No, it’s not the only way to honour God. But I think there is a place for talking about what constitutes the ideal way to organise family life, and once that’s been established, it puts us in a better position to figure out how to live in the non-ideal situations.

It doesn’t square.

This post is already much too long, so I’ll end it there!!

Update: More of Rachel’s questions answered here:



13 thoughts on “Catholic Complementarianism

  1. Laura says:

    Love it! 😀 (And not just because you linked me twice, though that didn’t hurt…) You are absolutely right that this isn’t a question about complementarianism really, but about who gets decide what the Bible says. Her book was one of the books I read early on, which led me to Christian Smith’s book on biblicism and we both know where that led me… 😉 I’d just say that all Protestant complementarians affirm that men and women are completely equal in dignity, but different in their role. There’s differences within that but all – bar a few crazies – believe in gender equality, just not gender sameness. This is fairly representative for Protestant complementarians, I’d say:

  2. Jon says:

    What you say is mostly good, but I do have two quibbles. First, there are major groups of Protestants that don’t believe in Sola Scriptura, including the Anglicans, Methodists, and plenty of Lutherans, so Catholics are hardly the only ones to take issue with Sola Scriptura, even in the West. Second, it might be a bit more accurate to say that egalitarians believe that roles should be assigned based on ability and inclination without reference to gender, often with the assumption that gender differences in things like employment rates are driven much more by social cues than biological gender.

  3. Monica says:

    Hi Jon,
    is that really the case? Do you mean in their “official” confessions? Or in practice? Because I don’t think anyone lives out Sola Scripture successfully in practice.

    And thanks for that definition, its a good one.

    In Christ,

    • I’m not familiar enough with the Methodist’s and Lutheran’s catechisms or confessions to definitely say what their official positions are, but Anglicans don’t have an official confession. For the most part we just point people to our Book of Common Prayer when asked what we believe. (If you’re curious you can browse a number of editions at However, one of the most important theologians in post-Reformation Anglicanism is Richard Hooker who argued for a 3-strand rope approach. The modern simplification, commonly taught to those preparing for confirmation, talks about it as the three legged stool of Scripture, Tradition, and Reason.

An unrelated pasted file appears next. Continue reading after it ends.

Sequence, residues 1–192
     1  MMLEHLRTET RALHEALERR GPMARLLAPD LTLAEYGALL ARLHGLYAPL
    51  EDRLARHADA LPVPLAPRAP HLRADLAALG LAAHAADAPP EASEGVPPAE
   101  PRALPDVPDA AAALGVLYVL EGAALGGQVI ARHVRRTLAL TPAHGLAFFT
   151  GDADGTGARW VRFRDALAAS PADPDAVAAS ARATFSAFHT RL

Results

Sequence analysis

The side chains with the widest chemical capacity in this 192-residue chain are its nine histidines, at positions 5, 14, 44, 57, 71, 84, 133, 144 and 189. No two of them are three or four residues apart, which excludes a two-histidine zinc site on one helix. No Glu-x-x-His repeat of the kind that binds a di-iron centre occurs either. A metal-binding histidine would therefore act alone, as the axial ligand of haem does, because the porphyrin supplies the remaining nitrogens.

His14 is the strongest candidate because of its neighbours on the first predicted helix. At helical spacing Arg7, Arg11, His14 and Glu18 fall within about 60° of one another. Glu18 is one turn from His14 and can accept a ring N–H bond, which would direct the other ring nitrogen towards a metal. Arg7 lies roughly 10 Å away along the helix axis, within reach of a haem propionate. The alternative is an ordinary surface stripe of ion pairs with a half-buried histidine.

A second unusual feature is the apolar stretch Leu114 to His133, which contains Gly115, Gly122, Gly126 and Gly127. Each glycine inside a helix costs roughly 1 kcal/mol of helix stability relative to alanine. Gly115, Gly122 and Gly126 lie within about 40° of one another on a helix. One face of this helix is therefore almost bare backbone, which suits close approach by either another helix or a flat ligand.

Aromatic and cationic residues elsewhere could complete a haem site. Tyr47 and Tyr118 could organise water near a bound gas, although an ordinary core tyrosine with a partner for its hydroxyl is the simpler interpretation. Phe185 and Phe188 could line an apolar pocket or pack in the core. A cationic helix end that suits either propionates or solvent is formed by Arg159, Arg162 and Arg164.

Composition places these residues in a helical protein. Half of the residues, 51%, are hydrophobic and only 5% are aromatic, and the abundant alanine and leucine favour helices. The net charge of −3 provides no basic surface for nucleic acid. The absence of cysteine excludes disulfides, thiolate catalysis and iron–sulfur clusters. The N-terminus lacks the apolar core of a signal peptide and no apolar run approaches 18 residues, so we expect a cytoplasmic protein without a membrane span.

Since the Methodists are an 18th century off-shoot of the Anglicans, I suspect they hold a similar view, possibly adding Experience since they sprang from Wesley experiencing a brief moment of grace. (One of Anglicanisms weaknesses at the time was that it was excessively intellectual and frequently elitist.)

  4. Monica says:

    Hmmm. Well it may be the case historically, and perhaps remains so in some churches, but I’ve met very few Anglicans who don’t operate in practice via sola scriptura. (which in fact ends up becoming solo scriptura, unavoidably)
    Again, we come to the question “what is Anglicanism/ Methodism/ etc and who gets to define it?” basically there’s just a really massive, complex spectrum of possible belief combinations, and Protestants fall in various places all the way along it, more highly concentrated in some areas than others. That was a very mathematical/ visual way of describing it, haha.

  5. […] I wrote in response to Rachel Held Evans’ post “Will the real complementarian please stand […]

  6. […] Veritatem has moved her fabulous blog to WordPress! And what a start it’s been! She wrote a fantastic post on Catholic Complementarianism in response to Rachel Held Evans, and so naturally Rachel re-tweeted it to all over her 30,000 […]

  7. […] Veritatem has moved her fabulous blog to WordPress! And what a start it’s been! She wrote a fantastic post on Catholic Complementarianism in response to Rachel Held Evans, and so naturally Rachel re-tweeted it to all over her 30,000 […]

Leave a Reply

Fill in your details below or click an icon to log in: Logo

You are commenting using your account. Log Out /  Change )

Google+ photo

You are commenting using your Google+ account. Log Out /  Change )

Twitter picture

You are commenting using your Twitter account. Log Out /  Change )

Facebook photo

You are commenting using your Facebook account. Log Out /  Change )


Connecting to %s